A Suicidal Teen: What do you do? (and not do)

Let me tell you about one of my big regrets in youth ministry.

One of my small group leaders came up to me and told me a student kept bring up suicide.  I brushed this leader off and said it is not a big deal unless the student talks about going through with it.

For the next handful of weeks, this leader would come to me with concerns.  I kept not taking them seriously enough.  Finally, after weeks, we brought the parents in on the conversation.

It was clear that the parents were not impressed that they were not told about their student and suicide concerns immediately.

Suicide is a very real issue that you will have to deal with.  Let me give you some advice on what to do and not to do.

What To Do With A Suicidal Student

A student comes to you and says they struggle with suicidal thoughts, what do you do?

  • Stay Calm

Now is NOT the time to freak out.  Take a breath, say a prayer and look at the student in the eyes.

  • Direct Questions

Do not beat around the bush.  Ask them directly if they are thinking about committing suicide,

  • It’s Never a Joke

Take the student very seriously.  Also, assure them that you will support them.

  • Get Help

Involve parents, suicide prevention organizations where you live.  Suicide is bigger than just you.

  • Follow Up

Meet with the student and the parents regularly.  Offer to be a support and a help in resourcing the family.

What NOT To Say To A Suicidal Student

  • Don’t Worry I Won’t Tell Anyone

This is dangerous because you MUST tell other people.  You are making a promise that you will break.  Most likely in breaking the promise you will lose the students confidence.

  • Suicide Is A Sin

Even if you believe this is a true statement this is not the time to say it.  Right now the student does not need a theological discussion.  What they need is to know that you care.

In youth ministry there is a very good chance that you will have to deal with suicide at some level.  I hope this gives you some tools in deal with the situation when it arrives.

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Tyson Howells

Tyson is the associate youth ministry director for Vanguard Youth Ministry Institute. He has been a youth pastor for many years in Winnipeg as well as in Edmonton. Tyson is passionate in seeing relational youth ministry that results in youth that are passionate about following Jesus. He still leads a small group at the youth group in his home church.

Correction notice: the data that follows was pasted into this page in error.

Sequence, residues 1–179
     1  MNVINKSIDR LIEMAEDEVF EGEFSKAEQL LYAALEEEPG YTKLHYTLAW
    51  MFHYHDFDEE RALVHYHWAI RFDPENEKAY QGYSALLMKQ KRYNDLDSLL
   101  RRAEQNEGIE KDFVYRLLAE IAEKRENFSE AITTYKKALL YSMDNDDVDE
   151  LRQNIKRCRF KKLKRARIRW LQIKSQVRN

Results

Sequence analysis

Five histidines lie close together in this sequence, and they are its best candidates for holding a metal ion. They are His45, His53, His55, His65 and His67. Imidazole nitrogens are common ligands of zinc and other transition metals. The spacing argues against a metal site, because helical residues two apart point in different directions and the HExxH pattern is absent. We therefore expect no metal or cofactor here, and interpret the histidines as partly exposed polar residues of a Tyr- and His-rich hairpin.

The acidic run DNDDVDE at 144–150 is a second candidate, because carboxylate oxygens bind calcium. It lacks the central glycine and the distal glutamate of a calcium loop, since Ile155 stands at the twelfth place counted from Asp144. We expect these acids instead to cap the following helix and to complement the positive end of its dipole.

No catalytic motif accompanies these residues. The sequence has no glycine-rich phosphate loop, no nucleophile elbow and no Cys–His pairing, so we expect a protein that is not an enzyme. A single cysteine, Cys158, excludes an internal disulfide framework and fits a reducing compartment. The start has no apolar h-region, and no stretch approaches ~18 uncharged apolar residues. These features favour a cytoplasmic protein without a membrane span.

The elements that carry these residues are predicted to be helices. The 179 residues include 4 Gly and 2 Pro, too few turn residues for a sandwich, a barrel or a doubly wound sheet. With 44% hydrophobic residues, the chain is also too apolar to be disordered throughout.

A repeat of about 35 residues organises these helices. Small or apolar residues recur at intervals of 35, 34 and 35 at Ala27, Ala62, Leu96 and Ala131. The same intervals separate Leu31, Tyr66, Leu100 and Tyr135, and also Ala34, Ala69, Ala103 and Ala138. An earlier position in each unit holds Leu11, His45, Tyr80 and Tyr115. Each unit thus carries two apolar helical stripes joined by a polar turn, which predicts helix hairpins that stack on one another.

1. Michelle Hardersays:

    Thanks so much for approaching this issue.

  2. Michelle Hardersays:

    I would love more info about what supporting and walking through this looks like…

    • Tyson Howellssays:

      Marv Penner in his book “Help, my kids are hurting” uses an acronym with the word LOVE.

      L is for listen. We need to talk less
      O is for offer. Offer hope, support, encouragement
      V is for validate. Validate every positive thing you can in their life
      E is for empower and expect.

      Another good resource is “The Youth Worker’s Guide to Helping Teenagers in Crisis”

  3. Mary Josays:

    I had a very good conversation with with a young man when I admitted that I tried to take my life 40 years ago, and was glad that the Lord kept me alive so that I would be able to tell him to hang in there, life gets better, it’s hard and a challenge but worth sticking it out.

    So if you also had a failed suicide admit it to any suicidal person. Perhaps the Lord wants you to help others out of the darkness too.

    • Tyson Howellssays:

      Great advise Mary Jo. I think one big key when we talk about suicide is to be open. We need to take this issue out of the darkness and talk about it.

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